Gender affirming health care involves hormonal and other treatments to match a person’s physical/physiological sex characteristics with their identified gender. Many antiepileptic drugs (also known as AEDs) have potential interactions with hormone treatments, so therapeutic adjustments may be necessary. Levels of the AED lamotrigine may be decreased by estrogen treatments, so monitoring of levels is needed in trans women. Cessation of menstruation in trans men may lead to improved seizure control if seizures had a catamenial pattern (associated with menstruation) prior to transition. Estrogen treatment may increase seizure frequency in trans women, requiring AED adjustment.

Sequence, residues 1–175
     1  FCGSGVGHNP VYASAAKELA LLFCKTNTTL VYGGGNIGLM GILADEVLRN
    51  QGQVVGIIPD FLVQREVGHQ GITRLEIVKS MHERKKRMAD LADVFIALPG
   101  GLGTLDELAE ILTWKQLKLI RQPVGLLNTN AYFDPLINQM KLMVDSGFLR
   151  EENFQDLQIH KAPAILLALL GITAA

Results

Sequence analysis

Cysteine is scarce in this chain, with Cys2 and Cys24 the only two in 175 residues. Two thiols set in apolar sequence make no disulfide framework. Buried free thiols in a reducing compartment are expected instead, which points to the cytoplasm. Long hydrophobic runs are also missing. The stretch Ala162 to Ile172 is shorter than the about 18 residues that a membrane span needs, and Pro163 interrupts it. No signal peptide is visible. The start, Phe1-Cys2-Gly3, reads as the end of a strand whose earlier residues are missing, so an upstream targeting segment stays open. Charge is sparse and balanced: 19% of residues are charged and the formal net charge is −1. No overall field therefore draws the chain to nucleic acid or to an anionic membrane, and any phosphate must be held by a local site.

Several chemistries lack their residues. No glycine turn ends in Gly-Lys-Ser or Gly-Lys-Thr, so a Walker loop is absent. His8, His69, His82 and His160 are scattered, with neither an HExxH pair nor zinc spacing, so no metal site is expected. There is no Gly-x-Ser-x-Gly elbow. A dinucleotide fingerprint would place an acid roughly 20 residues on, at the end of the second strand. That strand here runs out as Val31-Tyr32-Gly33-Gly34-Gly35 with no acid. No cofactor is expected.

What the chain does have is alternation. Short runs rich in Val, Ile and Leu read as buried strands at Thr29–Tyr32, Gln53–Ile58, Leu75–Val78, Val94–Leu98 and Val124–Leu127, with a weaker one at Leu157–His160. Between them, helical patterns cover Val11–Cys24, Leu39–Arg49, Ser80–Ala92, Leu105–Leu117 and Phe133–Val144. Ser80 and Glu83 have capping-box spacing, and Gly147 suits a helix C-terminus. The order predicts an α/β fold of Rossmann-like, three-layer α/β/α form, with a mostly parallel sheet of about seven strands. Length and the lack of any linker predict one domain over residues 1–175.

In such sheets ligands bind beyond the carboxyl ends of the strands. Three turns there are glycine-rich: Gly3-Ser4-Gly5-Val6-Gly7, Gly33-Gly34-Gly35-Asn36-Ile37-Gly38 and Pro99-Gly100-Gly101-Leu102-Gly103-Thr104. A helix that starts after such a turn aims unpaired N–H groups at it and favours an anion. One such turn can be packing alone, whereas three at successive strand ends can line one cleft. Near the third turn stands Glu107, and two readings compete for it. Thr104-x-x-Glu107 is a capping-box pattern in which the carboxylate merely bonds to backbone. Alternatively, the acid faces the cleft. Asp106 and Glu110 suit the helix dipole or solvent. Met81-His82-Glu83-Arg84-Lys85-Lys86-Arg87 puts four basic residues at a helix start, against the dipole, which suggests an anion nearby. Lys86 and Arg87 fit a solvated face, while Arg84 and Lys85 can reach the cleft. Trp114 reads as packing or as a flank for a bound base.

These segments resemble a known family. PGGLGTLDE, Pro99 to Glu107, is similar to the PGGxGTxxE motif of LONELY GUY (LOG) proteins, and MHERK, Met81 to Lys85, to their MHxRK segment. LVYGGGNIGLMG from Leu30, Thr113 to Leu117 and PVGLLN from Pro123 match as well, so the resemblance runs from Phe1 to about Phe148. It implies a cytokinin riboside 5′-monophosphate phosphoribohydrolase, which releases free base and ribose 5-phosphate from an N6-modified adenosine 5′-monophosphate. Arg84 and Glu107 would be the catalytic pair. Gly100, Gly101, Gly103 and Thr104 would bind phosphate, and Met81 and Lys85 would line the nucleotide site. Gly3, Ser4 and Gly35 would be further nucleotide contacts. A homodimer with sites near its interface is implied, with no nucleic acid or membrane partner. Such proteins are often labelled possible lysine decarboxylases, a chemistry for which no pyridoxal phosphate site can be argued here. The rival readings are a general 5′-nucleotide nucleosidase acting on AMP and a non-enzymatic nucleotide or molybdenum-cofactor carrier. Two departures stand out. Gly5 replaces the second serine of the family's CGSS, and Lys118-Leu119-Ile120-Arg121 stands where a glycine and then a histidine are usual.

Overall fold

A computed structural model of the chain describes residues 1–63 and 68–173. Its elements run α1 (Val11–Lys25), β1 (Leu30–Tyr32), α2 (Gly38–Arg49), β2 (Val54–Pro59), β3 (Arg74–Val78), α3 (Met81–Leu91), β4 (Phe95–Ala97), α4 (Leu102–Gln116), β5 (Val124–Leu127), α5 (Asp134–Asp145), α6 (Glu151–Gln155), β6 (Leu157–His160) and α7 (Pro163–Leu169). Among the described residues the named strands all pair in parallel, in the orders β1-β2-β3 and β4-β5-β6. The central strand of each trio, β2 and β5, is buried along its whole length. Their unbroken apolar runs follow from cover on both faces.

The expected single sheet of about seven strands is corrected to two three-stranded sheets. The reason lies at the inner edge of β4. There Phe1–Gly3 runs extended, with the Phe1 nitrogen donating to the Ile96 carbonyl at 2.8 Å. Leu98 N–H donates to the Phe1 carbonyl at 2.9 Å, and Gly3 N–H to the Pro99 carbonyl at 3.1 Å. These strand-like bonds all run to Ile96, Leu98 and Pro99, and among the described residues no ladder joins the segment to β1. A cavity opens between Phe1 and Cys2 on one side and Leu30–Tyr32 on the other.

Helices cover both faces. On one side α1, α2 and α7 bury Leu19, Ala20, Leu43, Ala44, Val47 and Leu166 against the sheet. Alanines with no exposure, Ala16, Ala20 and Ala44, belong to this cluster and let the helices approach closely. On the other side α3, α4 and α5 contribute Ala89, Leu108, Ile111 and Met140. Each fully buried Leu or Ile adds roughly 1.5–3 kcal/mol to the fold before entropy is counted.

Transgender individuals have higher rates of depression and suicidal ideation than the general population, so antidepressant medications are often prescribed. Some antidepressant medications, such as bupropion, can make seizures more likely. Interactions between some AEDs and antidepressant medications need to be considered and should be discussed with a healthcare provider.

Transgender individuals also have higher rates of HIV than the general population. Certain AEDs also decrease the levels of antiretroviral medications, making them less effective. These AEDs include carbamazepine, phenytoin, primidone, and phenobarbital. Some antiretroviral medications can decrease levels of lamotrigine, so monitoring of levels of that AED may be necessary. Conversations should be had with a healthcare provider about how specific antiseizure medications may impact specific antiretroviral medications. (Learn more)